Biden Said 'Chains'; So What?

Here's why the Romney camp is up in arms over what the VP said but black people aren't giving it more than a "SMH."

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(The Root) -- On Tuesday, Vice President Joe Biden told a racially mixed audience in Virginia that Mitt Romney and Paul Ryan's economic plans would "put y'all back in chains." From NPR:

Republican presidential contender Mitt Romney called it an "outrageous charge" and said called on President Obama to "take your campaign of division and anger and hate back to Chicago."

The Obama campaign defended Biden and said his words were meant to counter Republican promises to "unshackle" the economy from regulations. Biden himself later said he had intended to use the word "unshackle," and that "it's their policies and the effects of their policies on middle class America" that is "outrageous."

The Romney campaign didn't waste a minute seizing upon the comments. Spokeswoman Andrea Saul said that Biden's comments were "not acceptable in our political discourse" and a "new low." Many have called the audience "black" or "largely black" to drive home exactly why this was a racial scandal.

We assume that what "not acceptable" is meant to convey is that the comment was a slavery reference, and specifically that it utilized racially coded language -- something that those on the right are frequently accused of doing. Biden made the argument that that wasn't his intention, but let's say it was.

So what?

News flash: It is not always the worst thing in the world to mention race or America's racial history, in metaphor or otherwise. Context matters. (See most accusations of "reverse racism" and how ridiculous they sound.) Intentions matter (see ongoing n-word debate).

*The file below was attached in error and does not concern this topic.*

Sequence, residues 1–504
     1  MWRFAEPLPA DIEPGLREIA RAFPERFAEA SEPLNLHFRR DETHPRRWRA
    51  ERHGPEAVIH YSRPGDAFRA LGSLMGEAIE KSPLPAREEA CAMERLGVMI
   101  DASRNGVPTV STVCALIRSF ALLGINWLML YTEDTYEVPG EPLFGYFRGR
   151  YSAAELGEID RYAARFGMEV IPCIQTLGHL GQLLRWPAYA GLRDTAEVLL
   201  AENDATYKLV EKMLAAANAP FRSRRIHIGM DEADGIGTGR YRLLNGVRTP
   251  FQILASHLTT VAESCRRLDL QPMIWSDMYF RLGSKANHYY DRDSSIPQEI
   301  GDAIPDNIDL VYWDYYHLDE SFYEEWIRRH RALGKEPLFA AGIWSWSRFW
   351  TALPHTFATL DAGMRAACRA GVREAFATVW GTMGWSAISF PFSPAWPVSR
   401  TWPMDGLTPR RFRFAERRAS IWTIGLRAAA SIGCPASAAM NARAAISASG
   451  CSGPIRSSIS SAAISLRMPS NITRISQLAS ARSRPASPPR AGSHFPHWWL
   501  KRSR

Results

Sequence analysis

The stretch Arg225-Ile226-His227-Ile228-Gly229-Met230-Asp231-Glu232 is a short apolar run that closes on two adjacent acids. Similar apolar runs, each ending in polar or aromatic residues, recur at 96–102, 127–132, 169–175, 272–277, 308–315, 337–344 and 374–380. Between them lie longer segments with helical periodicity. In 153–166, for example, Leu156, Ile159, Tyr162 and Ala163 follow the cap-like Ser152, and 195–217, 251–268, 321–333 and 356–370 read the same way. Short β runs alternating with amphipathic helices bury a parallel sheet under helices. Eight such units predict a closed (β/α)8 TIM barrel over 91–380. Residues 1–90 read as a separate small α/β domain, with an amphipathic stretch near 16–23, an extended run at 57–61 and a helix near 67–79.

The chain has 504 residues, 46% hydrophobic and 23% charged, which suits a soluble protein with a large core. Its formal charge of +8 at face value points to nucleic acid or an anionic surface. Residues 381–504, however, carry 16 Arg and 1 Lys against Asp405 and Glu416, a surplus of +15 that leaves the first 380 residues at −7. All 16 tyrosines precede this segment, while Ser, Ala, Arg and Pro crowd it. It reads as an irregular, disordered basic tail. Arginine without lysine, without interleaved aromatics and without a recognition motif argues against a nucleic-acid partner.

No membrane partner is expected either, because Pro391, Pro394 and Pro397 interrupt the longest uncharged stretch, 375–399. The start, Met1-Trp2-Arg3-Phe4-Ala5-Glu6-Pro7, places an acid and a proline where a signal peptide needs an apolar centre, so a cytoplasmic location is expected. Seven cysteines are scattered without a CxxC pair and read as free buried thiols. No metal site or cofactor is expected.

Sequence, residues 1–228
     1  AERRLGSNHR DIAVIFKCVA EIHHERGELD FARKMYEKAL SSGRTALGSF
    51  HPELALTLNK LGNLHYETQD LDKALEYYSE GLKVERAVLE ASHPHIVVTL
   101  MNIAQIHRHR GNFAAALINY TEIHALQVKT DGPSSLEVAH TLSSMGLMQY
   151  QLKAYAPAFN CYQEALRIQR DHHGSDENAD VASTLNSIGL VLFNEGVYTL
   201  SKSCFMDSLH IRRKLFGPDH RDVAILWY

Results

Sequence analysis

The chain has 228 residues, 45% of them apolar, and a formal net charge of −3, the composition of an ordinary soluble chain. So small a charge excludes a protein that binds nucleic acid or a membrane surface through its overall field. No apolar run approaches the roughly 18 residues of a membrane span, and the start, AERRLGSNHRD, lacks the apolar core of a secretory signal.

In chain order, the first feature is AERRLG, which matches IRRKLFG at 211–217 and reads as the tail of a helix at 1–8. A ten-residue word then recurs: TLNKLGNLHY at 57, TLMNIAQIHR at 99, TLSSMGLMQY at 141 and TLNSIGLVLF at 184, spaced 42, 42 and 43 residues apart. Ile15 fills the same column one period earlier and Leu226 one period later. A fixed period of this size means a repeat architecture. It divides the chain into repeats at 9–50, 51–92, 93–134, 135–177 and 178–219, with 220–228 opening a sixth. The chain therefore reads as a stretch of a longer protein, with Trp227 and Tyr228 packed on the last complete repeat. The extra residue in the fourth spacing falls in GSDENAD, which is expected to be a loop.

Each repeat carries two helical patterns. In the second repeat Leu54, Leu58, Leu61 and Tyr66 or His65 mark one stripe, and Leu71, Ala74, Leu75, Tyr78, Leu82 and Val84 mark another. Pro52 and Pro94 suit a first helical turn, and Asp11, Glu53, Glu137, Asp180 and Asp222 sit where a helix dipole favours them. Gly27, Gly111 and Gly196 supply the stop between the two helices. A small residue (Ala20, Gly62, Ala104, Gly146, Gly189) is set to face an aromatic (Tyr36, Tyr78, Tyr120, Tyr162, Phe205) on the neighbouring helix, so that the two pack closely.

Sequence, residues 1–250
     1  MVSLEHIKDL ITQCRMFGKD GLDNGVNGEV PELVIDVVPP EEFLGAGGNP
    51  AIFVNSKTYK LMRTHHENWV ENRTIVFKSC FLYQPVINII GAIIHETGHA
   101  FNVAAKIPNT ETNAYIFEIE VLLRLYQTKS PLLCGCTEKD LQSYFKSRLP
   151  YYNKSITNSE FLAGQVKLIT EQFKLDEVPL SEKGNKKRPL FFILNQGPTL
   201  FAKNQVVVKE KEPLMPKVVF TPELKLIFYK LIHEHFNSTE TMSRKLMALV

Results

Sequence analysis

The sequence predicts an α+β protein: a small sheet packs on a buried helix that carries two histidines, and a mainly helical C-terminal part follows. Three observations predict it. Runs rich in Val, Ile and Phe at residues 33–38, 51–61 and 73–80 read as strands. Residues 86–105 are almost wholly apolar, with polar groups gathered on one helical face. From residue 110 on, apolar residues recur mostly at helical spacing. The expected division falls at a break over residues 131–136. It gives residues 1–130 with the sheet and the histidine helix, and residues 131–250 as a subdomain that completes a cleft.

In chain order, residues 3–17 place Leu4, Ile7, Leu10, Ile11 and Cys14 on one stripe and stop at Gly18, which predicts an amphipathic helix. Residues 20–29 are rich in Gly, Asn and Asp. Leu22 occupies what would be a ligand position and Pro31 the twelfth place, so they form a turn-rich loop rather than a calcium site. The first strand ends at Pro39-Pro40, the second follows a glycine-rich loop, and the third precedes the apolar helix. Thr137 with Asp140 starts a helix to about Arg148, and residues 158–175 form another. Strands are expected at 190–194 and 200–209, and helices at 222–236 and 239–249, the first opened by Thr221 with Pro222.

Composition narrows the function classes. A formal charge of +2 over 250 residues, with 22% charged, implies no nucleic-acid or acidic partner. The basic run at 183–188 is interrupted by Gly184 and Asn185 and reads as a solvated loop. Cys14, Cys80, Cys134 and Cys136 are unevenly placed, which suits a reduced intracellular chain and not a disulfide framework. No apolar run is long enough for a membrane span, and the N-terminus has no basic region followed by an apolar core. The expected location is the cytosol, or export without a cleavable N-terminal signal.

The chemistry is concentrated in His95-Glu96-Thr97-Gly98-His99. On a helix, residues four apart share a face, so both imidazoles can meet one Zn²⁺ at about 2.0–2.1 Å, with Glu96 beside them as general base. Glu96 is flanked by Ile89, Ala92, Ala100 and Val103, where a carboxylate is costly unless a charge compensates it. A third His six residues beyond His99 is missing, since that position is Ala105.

Much to the dismay of those who would like to oversimplify race and racism to the point of meaninglessness, a reference to "chains" simply sounds and feels different coming from Biden -- the earnest, liberal, keepin'-it-real gaffe machine -- versus someone whose track record and expressed worldview suggest that he or she is deliberately tapping in to racial anxiety and anti-black sentiment for cynical or selfish reasons.

That's why African Americans aren't up in arms over Biden's comment. We're sure that's disappointing for those in the Romney camp who were frothing at the mouth yesterday at the opportunity to problematize the speech. Sorry to break it to you guys, but this stuff is -- and has always been -- about more than just words.

Read more at NPR.

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